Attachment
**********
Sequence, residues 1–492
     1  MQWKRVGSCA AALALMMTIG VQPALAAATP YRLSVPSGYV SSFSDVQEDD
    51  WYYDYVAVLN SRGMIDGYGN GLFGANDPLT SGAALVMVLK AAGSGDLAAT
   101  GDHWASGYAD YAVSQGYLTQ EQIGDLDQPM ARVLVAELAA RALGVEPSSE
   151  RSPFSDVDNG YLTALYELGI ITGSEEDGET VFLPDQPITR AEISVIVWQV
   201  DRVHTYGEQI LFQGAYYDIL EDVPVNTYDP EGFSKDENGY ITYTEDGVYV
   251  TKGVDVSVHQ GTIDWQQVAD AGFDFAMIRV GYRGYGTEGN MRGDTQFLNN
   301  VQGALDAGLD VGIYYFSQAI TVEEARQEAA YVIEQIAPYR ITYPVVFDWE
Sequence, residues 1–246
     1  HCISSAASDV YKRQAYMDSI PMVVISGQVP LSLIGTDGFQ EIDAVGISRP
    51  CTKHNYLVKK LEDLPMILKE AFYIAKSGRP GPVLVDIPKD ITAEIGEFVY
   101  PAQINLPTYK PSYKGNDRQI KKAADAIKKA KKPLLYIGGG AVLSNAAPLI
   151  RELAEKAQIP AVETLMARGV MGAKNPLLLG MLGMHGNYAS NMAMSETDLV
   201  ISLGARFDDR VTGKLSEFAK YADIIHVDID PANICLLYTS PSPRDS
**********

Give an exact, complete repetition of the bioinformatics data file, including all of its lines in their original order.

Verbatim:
Sequence, residues 1–492
     1  MQWKRVGSCA AALALMMTIG VQPALAAATP YRLSVPSGYV SSFSDVQEDD
    51  WYYDYVAVLN SRGMIDGYGN GLFGANDPLT SGAALVMVLK AAGSGDLAAT
   101  GDHWASGYAD YAVSQGYLTQ EQIGDLDQPM ARVLVAELAA RALGVEPSSE
   151  RSPFSDVDNG YLTALYELGI ITGSEEDGET VFLPDQPITR AEISVIVWQV
   201  DRVHTYGEQI LFQGAYYDIL EDVPVNTYDP EGFSKDENGY ITYTEDGVYV
   251  TKGVDVSVHQ GTIDWQQVAD AGFDFAMIRV GYRGYGTEGN MRGDTQFLNN
   301  VQGALDAGLD VGIYYFSQAI TVEEARQEAA YVIEQIAPYR ITYPVVFDWE
Sequence, residues 1–246
     1  HCISSAASDV YKRQAYMDSI PMVVISGQVP LSLIGTDGFQ EIDAVGISRP
    51  CTKHNYLVKK LEDLPMILKE AFYIAKSGRP GPVLVDIPKD ITAEIGEFVY
   101  PAQINLPTYK PSYKGNDRQI KKAADAIKKA KKPLLYIGGG AVLSNAAPLI
   151  RELAEKAQIP AVETLMARGV MGAKNPLLLG MLGMHGNYAS NMAMSETDLV
   201  ISLGARFDDR VTGKLSEFAK YADIIHVDID PANICLLYTS PSPRDS